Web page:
What causes house prices to change in Chicago?

We know the story. The one that says house prices will just go up. Some say 2008 was a blip at the height of a bubble. But that’s done now. The economy is recovering and prices should recover. And even if we are still not so sure, Quicken Loans appeals to our patriotism and reminds us that America was founded on taking great risks like sailing across the Atlantic, sending a man to the moon, or signing a 30 year mortgage to buy a home.

Whether or not we believe taking on 30 years of debt to secure a home should be as risky as the first space flight, we should at least better understand what causes local house prices to change instead of depending on our “colossal self-belief” as Quicken Loans suggests. To do so, I’ve conducted analysis on year over year house price changes for 14 Chicago submarkets from 2007 to 2013 using data from the city of Chicago, the DePaul Institute for Housing Studies, and IRS tax information and found the following factors predictive of house price changes in a single year. They follow:

  • A 1% increase in all cash buyers (who tend to be investors) predicts a 0.52% decrease in prices
  • A 1% increase in theft predicts a 0.37% decrease in prices
  • A 1% increase in owner improvements predicts a 0.13% increase in prices
  • A 1% increase in new construction predicts a 0.07% increase in prices
  • A 1% increase in the number of businesses predicts a 0.05% increase in prices

These items were found to be significant across a variety of other attributes, such as changes in foreclosures, changes in violent crimes, changes in renovation permits and changes in household income.

From the results, we understand that investing in a home is more akin to investing in a neighborhood. Factors such as theft and an increased presence of investors hurt neighborhood prices. Owner improvements, new construction and new businesses help house prices. Individual homeowners do not control these factors, but these factors contribute to the value of each individual home.

Additionally, my analysis shows that local markets depend on each other’s prices. A homeowner in Lincoln Park is effected by downtown and Wicker Park prices. A homeowner in Englewood faces the risk of West Garfield Park prices and vica-versa. This dependence is significant, so simply buying in a lucrative neighborhood is not without risks of the surrounding areas. Every neighborhood in Chicago is effected by these factors, and these housing markets are very dynamic and complicated indeed.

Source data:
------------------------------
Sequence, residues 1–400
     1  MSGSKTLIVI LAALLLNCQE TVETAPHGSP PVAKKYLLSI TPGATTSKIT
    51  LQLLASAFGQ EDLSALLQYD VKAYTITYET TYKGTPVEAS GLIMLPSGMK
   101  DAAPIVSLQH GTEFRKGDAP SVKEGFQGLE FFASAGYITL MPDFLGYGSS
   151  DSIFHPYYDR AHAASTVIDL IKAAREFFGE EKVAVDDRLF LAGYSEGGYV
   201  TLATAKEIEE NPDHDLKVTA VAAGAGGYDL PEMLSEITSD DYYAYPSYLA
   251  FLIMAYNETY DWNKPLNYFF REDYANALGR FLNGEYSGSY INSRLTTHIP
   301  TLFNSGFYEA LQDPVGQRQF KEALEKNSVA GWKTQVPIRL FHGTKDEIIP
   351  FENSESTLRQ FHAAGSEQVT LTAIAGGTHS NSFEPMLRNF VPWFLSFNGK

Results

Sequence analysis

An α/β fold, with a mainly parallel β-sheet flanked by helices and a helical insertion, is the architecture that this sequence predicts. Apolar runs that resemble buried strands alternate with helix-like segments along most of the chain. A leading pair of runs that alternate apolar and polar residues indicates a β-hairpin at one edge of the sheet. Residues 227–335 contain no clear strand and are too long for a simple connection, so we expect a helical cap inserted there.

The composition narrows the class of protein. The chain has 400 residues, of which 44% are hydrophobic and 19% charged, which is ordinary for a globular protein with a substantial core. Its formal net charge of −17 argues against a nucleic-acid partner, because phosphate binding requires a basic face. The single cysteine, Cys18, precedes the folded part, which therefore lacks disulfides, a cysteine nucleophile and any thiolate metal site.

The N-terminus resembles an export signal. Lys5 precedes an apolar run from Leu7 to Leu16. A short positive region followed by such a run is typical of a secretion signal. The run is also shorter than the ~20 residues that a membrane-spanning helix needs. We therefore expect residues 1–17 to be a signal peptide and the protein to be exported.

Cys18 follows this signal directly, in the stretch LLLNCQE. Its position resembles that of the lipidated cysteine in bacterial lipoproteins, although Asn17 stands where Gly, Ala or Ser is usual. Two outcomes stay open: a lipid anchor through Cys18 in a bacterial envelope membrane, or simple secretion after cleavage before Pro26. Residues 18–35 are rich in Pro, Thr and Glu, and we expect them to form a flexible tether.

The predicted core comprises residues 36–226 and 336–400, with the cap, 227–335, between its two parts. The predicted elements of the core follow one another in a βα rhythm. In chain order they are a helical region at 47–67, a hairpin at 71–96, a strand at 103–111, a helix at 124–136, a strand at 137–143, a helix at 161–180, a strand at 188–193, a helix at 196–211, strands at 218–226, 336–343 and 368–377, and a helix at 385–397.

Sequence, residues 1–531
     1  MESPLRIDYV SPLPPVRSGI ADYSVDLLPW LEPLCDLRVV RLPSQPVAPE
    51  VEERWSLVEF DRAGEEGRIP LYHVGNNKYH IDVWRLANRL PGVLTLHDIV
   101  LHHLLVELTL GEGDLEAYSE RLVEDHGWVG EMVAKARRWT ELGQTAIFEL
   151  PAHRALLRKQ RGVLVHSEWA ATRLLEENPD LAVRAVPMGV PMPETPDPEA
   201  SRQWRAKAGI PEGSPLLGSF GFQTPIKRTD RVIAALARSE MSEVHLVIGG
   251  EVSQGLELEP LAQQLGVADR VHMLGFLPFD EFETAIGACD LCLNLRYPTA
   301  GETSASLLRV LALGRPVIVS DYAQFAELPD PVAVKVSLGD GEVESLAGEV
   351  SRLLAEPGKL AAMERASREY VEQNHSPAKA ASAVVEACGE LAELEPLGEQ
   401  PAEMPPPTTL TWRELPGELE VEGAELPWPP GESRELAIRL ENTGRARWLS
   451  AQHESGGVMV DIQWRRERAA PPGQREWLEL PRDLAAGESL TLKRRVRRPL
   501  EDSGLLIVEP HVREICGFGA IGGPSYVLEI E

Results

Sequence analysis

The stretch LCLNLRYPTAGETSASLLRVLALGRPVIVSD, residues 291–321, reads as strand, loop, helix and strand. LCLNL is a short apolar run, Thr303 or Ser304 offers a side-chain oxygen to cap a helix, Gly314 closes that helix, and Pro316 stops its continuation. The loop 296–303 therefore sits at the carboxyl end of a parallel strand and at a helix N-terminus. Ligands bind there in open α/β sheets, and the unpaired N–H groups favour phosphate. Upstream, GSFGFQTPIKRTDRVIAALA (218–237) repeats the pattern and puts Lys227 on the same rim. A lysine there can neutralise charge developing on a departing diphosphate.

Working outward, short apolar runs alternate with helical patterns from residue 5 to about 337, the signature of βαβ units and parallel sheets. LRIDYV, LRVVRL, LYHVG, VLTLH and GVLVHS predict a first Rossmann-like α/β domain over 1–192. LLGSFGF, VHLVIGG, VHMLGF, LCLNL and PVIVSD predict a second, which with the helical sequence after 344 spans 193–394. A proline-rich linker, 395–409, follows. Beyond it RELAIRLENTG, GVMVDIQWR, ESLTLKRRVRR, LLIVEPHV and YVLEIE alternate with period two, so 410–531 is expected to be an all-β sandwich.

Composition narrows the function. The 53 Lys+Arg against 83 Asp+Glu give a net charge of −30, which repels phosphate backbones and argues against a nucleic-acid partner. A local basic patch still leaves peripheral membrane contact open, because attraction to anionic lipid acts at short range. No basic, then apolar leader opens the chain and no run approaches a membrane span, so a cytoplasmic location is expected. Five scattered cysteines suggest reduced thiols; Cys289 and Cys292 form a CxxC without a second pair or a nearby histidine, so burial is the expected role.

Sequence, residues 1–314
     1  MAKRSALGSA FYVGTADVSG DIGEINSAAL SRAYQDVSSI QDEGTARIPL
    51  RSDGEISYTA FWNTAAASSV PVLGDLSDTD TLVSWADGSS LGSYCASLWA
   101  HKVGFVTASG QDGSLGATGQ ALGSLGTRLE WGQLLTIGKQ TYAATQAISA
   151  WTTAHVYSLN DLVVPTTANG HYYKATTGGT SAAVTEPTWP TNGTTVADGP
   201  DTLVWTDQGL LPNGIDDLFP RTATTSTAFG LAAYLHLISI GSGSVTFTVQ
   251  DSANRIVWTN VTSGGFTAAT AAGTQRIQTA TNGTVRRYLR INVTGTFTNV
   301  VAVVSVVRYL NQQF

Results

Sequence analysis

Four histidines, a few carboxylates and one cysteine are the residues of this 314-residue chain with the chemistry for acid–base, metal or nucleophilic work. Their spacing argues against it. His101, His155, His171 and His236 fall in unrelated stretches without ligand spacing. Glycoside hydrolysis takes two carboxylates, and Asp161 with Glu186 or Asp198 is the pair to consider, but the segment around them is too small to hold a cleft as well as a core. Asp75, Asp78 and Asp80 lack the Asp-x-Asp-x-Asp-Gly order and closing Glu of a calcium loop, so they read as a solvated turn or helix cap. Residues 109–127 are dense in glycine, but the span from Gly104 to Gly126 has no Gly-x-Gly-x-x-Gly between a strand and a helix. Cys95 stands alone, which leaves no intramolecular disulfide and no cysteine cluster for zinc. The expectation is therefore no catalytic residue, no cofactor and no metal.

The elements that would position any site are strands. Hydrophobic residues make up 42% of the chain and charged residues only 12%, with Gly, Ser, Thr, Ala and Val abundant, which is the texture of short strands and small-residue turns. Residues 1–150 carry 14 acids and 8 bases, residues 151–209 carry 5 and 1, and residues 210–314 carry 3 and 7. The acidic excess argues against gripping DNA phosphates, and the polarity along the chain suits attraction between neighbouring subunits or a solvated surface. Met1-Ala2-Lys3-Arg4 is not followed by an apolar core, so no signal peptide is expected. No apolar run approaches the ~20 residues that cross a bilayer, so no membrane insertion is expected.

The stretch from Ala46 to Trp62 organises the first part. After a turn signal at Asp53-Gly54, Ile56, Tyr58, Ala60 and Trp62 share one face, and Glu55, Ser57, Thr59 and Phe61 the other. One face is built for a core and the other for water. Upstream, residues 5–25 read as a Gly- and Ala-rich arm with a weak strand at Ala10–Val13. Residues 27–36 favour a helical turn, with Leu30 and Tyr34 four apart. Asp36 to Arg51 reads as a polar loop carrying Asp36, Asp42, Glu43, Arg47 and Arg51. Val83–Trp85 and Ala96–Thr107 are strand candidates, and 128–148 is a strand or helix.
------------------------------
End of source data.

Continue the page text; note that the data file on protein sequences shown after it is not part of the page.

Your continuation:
Hopefully, we can understand that buying a home is a risky investment. Risk is not bad if it is understood. But because so many homeowners use a 30 year mortgage to purchase a home, it is even riskier. If prices fall, the mortgage debt is still the same, so a homebuyer can end up:

1) Paying more money to live in a neighborhood than it is worth at a given point in time AND
2) Losing money on the home investment while repaying the original debt plus interest in full

Generally, the lender does not care about these risks since the homeowner bears them, even though they are outside of the homeowner’s control. Companies like PartnerOwn however are pioneering new ways of financing home purchases. We have created a Local Market Insurance (LMI) contract that links a borrower’s monthly payment to changes in the local housing market. If the market goes down in value, so does a borrower’s monthly payments. These savings never have to be repaid. And a mortgage borrower will never have to pay more than the original monthly amount.

Please be sure to check out the paper if you are interested in diving into the details, and contact me at dylan@partnerown.com should you have any questions.

Thank you for your time!

Dylan,

PartnerOwn Co-Founder